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of nature and
of history

A corner of paradise connecting the sea to the Hanbury Gardens.

Discovering Capo Mortola is like walking a long path in the footsteps of beauty. The Marine Natural Area, in fact, is the sea continuation of the Regional Protected Area of the Hanbury Botanical Gardens.

The Tower

The Capo Mortola Tower, built in the 15th century as a watchtower against pirate incursions, stands proudly over the surrounding landscape.

Visitors can explore these ancient remains, enjoying panoramic views spanning the sea and the hinterland.

The Protected Area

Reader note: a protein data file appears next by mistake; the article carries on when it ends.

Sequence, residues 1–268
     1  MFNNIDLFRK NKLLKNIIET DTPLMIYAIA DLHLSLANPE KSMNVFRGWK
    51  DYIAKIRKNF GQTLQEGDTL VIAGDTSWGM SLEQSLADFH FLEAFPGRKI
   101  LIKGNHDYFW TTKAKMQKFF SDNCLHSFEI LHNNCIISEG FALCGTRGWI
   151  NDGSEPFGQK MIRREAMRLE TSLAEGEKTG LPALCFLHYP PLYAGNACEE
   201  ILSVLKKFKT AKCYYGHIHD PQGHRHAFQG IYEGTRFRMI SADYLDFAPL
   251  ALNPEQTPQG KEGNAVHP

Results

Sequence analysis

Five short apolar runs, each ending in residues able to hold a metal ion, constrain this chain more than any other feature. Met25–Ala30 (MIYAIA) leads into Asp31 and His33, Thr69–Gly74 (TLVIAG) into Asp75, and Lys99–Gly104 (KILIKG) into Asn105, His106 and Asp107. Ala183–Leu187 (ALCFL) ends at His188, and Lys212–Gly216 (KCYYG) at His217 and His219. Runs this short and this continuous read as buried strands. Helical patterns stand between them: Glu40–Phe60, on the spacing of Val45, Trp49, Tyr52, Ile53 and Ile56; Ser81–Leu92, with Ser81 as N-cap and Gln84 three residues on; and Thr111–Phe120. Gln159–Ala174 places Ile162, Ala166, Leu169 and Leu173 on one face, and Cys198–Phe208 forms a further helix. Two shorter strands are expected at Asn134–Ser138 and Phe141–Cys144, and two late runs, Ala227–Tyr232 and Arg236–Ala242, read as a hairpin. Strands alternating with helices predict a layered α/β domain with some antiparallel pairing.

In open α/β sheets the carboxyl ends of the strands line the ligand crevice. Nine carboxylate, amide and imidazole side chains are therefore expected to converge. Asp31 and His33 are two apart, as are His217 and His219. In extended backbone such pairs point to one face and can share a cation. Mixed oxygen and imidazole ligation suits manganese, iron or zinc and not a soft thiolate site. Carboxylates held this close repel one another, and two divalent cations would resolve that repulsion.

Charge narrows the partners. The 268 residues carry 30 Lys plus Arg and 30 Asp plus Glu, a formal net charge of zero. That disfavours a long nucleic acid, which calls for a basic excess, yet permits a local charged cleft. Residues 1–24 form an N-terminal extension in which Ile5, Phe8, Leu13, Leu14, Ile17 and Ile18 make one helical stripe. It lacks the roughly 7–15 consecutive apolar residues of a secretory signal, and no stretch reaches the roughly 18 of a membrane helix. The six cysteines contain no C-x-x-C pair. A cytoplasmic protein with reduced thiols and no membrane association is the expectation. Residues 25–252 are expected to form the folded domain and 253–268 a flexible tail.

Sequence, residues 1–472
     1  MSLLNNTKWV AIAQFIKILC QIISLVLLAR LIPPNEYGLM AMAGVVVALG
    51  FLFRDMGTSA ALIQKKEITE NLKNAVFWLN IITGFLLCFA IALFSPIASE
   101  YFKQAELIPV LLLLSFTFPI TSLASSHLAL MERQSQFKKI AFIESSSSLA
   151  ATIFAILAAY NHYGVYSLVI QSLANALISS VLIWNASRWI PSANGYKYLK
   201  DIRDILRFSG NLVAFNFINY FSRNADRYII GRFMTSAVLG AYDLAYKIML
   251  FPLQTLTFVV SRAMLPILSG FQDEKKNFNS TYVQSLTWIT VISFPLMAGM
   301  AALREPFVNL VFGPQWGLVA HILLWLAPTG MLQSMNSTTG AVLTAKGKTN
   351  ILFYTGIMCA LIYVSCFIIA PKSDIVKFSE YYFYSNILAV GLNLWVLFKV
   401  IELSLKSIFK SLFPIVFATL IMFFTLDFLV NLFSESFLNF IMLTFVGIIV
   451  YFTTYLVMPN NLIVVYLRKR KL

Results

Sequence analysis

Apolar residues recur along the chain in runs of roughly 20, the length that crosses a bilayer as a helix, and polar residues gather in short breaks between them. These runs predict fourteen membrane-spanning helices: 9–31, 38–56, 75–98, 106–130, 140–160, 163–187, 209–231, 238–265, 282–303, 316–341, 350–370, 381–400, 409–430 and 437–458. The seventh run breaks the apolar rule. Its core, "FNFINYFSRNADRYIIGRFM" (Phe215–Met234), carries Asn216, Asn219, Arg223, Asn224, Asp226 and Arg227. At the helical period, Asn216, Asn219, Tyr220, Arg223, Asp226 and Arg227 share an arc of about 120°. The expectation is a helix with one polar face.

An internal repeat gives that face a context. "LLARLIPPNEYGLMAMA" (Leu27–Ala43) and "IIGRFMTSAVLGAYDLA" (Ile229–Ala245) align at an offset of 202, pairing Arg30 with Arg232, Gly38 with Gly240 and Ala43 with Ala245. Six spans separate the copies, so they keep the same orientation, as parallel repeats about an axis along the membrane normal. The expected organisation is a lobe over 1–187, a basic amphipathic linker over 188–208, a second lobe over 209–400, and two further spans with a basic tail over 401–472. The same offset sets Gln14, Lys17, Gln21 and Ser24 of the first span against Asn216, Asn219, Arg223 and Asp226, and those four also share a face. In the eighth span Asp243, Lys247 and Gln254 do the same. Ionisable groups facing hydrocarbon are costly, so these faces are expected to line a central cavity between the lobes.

The Protected Area is a refuge for local wildlife, with seabirds flying the sky and a variety of small animals populating the vegetation.

Its seabed, alternately rocky and sandy, is home to a great diversity of coastal fish species: Molluscs, sponges, sea bream, snapper, grouper, but also conger eels, and moray eels.
From a crack inside an underwater cave, 36 meters deep, a karst freshwater spring known as Polla di Rovereto flows.

Fun Fact
Underwater archaeological remains dating back to Roman times have been found in the area.